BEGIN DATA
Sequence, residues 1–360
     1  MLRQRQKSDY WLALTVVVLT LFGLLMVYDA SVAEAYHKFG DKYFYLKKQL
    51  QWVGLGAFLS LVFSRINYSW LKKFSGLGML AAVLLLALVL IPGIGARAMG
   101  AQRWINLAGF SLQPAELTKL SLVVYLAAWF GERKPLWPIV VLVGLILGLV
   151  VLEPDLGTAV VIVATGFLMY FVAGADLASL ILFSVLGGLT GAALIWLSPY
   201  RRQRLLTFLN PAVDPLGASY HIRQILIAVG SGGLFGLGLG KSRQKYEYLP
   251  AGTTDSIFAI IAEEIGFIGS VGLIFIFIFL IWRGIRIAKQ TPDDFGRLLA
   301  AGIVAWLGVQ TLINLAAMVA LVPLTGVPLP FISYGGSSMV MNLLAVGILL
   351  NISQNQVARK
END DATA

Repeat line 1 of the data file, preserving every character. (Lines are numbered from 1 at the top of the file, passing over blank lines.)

Sequence, residues 1–360